House Afire


A turn-of-the-century fire station becomes a stylish home.

Vision. Some people have it; some don’t.

Rich Baumhofer and Cindy Bechtel fall squarely into the have vision category. When the couple stumbled upon a dilapidated old house in Curtis Park, they could see it had major potential.

Their friends told them they were crazy to consider buying the structure, which had been built in 1917 as a fire station and later converted to a private home. But buy it they did, setting out to restore its firehouse charm.

They succeeded so spectacularly that HGTV will feature their house on an upcoming episode of reZONED, a show about people who turn commercial spaces into one-of-a-kind homes.

• My intention was to rebuild in the spirit of the original firehouse, says Baumhofer, a builder and general contractor who has worked on many old houses. He kept the shell of the Craftsman-style building intact while gutting the inside to create a spacious, family-friendly home.

• The original one-story firehouse had an unfinished attic, which Baumhofer and Bechtel converted into bedrooms for their three daughters. They bought a fire pole for the stairway at You can get anything on the Internet, says Bechtel.

• In the kitchen, stools belly up to a yellow onyx-topped bar. The Craftsman cabinets are made of alder, the countertops of mahogany. Bechtel and her daughter stained the concrete floor themselves.

• The original 30-by-30-foot garage was big enough for two firetrucks. Now it’s a multifunctional room for cooking, dining, entertaining and relaxing. In old buildings, you don’t usually get a space like this, says Baumhofer.


•  Baumhofer and Bechtel saw a yellow onyx bar at San Francisco’s Fog City Diner and had to have one of their own. Baumhofer designed and built it himself. Lit from below, it was an engineering feat, says Bechtel.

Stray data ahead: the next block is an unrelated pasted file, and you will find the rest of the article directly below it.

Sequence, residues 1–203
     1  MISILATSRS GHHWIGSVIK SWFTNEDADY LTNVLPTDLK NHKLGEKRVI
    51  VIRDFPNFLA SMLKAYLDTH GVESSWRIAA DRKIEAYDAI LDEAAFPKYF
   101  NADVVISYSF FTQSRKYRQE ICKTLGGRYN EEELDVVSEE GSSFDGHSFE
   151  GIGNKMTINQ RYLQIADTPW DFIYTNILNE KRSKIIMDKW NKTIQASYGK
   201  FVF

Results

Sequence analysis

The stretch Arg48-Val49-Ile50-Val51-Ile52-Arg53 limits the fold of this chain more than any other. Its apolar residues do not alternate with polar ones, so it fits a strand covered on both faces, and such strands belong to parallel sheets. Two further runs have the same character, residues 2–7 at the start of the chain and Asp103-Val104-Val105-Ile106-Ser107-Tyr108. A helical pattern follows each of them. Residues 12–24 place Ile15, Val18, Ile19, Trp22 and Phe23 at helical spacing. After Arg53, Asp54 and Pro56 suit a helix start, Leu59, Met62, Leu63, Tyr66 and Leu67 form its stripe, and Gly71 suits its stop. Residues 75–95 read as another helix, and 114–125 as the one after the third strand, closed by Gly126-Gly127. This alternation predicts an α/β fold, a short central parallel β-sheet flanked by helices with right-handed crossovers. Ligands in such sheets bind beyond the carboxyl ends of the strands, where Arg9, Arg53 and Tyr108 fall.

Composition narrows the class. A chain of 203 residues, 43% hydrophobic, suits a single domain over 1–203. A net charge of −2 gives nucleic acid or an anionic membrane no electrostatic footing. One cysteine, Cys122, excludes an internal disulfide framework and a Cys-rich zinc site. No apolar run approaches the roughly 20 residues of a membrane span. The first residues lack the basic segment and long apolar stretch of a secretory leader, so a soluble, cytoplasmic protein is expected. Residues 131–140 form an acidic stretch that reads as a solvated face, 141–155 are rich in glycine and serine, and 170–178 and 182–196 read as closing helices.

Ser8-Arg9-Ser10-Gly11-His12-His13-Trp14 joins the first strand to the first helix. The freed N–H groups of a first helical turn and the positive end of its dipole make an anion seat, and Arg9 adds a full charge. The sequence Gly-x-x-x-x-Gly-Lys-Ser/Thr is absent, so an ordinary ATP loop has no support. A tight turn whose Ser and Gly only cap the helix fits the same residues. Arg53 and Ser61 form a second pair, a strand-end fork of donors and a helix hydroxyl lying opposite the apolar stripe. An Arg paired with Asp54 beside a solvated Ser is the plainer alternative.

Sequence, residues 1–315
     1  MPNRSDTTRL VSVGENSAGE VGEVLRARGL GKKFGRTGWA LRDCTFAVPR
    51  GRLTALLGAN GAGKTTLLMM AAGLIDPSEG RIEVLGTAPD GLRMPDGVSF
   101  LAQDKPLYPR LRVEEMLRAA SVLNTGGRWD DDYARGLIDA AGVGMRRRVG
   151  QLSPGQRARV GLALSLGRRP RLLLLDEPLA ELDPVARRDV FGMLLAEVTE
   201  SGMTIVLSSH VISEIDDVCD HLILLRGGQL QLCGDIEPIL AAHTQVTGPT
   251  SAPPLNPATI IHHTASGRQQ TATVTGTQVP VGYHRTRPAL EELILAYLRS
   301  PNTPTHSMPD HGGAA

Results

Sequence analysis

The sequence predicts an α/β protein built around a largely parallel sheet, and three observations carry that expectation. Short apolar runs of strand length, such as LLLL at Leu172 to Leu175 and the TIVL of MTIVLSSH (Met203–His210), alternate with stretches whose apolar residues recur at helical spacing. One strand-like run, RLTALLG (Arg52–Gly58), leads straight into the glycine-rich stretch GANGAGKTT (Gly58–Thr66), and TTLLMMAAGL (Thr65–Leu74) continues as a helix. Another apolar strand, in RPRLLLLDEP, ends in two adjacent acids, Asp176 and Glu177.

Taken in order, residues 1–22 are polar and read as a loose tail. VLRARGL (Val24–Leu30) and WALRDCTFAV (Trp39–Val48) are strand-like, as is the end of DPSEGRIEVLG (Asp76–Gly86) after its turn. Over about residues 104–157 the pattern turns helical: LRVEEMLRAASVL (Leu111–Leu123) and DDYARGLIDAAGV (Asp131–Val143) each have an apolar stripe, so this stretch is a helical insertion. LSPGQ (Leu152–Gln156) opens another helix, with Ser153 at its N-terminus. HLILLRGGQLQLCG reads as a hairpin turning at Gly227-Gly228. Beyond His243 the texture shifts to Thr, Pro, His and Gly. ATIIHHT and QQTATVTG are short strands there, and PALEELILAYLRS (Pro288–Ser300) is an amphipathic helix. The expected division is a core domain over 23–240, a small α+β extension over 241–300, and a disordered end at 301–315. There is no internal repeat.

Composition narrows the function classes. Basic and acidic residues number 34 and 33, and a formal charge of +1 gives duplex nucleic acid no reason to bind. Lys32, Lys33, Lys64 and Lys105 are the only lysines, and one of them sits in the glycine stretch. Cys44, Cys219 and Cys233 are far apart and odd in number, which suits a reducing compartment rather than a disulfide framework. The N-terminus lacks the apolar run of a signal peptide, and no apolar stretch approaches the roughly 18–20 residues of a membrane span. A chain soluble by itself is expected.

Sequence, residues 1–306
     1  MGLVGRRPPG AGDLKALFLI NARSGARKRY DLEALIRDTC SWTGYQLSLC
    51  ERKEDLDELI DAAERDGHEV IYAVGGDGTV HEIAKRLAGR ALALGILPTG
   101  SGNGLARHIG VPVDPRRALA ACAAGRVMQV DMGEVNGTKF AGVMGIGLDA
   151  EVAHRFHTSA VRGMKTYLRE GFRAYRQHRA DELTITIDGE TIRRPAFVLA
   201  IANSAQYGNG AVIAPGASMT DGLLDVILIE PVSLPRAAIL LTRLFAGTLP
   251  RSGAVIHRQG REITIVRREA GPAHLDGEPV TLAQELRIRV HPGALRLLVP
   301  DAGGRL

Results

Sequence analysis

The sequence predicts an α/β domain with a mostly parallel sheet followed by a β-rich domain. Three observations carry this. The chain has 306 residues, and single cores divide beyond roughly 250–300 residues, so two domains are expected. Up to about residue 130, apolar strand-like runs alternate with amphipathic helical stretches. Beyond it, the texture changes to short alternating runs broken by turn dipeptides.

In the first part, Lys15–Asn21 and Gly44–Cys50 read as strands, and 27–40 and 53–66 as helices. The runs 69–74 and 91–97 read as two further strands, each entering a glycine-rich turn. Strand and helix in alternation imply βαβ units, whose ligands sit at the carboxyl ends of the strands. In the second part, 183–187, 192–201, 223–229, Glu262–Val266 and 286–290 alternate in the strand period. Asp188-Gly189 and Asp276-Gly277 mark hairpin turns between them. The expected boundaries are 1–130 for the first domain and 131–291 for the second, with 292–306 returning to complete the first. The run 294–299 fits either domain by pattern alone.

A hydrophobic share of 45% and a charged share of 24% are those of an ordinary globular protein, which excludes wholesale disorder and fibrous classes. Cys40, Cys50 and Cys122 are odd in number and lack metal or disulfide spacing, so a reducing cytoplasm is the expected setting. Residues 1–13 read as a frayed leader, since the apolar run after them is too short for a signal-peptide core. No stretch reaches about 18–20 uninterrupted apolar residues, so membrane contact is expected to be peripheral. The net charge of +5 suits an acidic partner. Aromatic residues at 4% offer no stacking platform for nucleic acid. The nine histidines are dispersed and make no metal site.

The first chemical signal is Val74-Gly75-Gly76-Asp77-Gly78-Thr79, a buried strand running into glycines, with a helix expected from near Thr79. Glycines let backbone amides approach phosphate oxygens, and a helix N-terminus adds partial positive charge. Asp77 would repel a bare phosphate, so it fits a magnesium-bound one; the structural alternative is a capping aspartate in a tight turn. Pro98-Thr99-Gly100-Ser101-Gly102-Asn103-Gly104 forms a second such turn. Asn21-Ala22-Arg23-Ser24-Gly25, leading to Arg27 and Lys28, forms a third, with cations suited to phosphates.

•  The old firehouse office became the formal living room. To add charm, Baumhofer and Bechtel installed a tin ceiling (bought on the Internet at, treating it with an acid wash to bring down the sheen. They also haunted salvage yards for windows, doors and light fixtures. Their favorites: Ohmega Salvage and Urban Ore, both in Berkeley.

• Bechtel found the fire nozzle on eBay. The Be Prepared floor medallion was discovered during construction; it dates from the 1950s, when the house was used as a local Boy Scout Council headquarters.

• The master bedroom and bath feature a see-through fireplace. Bechtel bought the claw-foot tub on eBay; to save money on the vanity, she purchased a cheap Indonesian-import buffet, removed its feet, topped the piece with an inexpensive granite remnant and put in double sinks.

• The dining room’s French doors, which open up to the front yard, have bubble glass for privacy: It lets in light but keeps curious passersby from peering inside. In the original building, home to Sierra Curtis #7 Fire Station, double carriage doors opened to the firehouse garage. Baumhofer and Bechtel turned the space into a kitchen/family room/dining room and replaced the old firehouse doors. We almost put real garage doors there, says Bechtel, the kind that roll up. We wanted to be able to open up the front of the house. They also considered barn doors and airplane hangar doors before settling on custom-built French doors that swing out, not up.